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WI, Sri Lanka try again today

By Kern De Freitas kern.defreitas@ trinidadexpress.com

Fans packed the Queen’s Park Oval yesterday hoping to see West Indies and Sri Lanka slug it out for a spot in Thursday’s final of the Celkon Mobile Cup Tri-Nation Series, also involving India.
What they got instead were three wickets and then a heavy helping of rain, along with the promise of a conclusion of the match on today’s reserve day.
Sri Lanka’s classy No.3 batsman Kumar Sangakkara (11 not out) and No.5 Lahiru Thirimanne (13 not out) will hope to continue their repair job after a mix of erratic and incisive bowling from West Indies reduced them to 60 for three.
The teams will return to the Oval today for a 9.30 a.m. start, with 31 overs of the Sri Lanka innings left to be completed.
West Indies rang in the changes from the team walloped by India on Friday by 102 runs, with local opener Lendl Simmons batting in the middle order, replacing Denesh Ramdin, pacer Jason Holder slotting in for injured spinner Sunil Narine, and Devon Smith coming in for skipper Dwayne Bravo, who is on a one-match suspension for slow over rate. Johnson Charles took the gloves from wicketkeeper Ramdin.
If they were happy to bat first, having been inserted by West Indies, Sri Lanka’s emotions would have been far different after 6.2 overs when they were left tottering at 29 for three.
The Windies pacers hit their lines and lengths early, but Tino Best and Jason Holder in particular gave away too many extras. In all, 20 have already been conceded.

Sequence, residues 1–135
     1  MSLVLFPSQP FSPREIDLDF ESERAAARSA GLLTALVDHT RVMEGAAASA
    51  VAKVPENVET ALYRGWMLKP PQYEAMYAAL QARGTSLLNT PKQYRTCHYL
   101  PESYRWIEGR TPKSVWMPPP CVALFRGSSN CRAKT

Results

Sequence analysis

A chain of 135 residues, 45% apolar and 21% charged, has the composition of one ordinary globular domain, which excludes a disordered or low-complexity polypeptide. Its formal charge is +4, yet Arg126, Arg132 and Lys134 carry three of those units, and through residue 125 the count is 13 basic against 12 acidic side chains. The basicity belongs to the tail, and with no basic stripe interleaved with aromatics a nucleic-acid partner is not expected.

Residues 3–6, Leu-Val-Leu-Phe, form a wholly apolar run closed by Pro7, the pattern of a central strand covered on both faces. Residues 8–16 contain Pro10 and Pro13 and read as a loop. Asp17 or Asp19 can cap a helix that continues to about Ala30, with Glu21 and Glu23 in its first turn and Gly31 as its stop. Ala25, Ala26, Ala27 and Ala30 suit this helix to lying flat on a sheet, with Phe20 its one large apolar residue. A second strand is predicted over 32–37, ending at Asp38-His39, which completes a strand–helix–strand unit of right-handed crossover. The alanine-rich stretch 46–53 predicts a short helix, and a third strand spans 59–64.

Mahela Jayawardene and Upul Tharanga (both seven runs)—who shared in Sri Lanka’s opening stand of 213 that helped them hammer India by 161 runs last week in Jamaica on the Duckworth/Lewis method—looked comfortable for the first few overs, although Tharanga was dropped by Charles behind the stumps in the third.
This time, there would be no commanding opening partnership.
Tharanga handed Holder his wicket with an uppish cover drive that Darren Bravo expertly plucked out of the air off the final ball of the fourth over.
Next ball, Jayawardene made the long walk back to the pavilion—caught by Devon Smith at point off bat and helmet—once the third umpire confirmed that Roach had not overstepped. That was close, but there were no such issues when Roach snuck through Dinesh Chandimal’s defences. He made two.
Sangakkara had one lbw scare, but he and Thirimanne weathered the storm of good fast bowling to keep West Indies at bay until the real rains came and thwarted the contest. Rain fell intermittently, and then heavily throughout lunch until after 2 p.m. the announcement was made that the reserve day would be required.
When play resumes this morning, those teams will not be the only parties interested in the result, with India looking on intently.
They face Sri Lanka tomorrow in a must-win encounter, but first they will be hoping West Indies can triumph.
That result, together with a win from India tomorrow, will ensure them a berth in the final. If Sri Lanka take victory and lose to India, the world champions will have to depend on run rate, and theirs is the worst in the series so far. Whatever that result, India must win their encounter to stand a chance.
One win in Sri Lanka’s last two matches should be enough to take them into the final, whoever their opposition. But first, today, they have to make up for their poor start against the home side.
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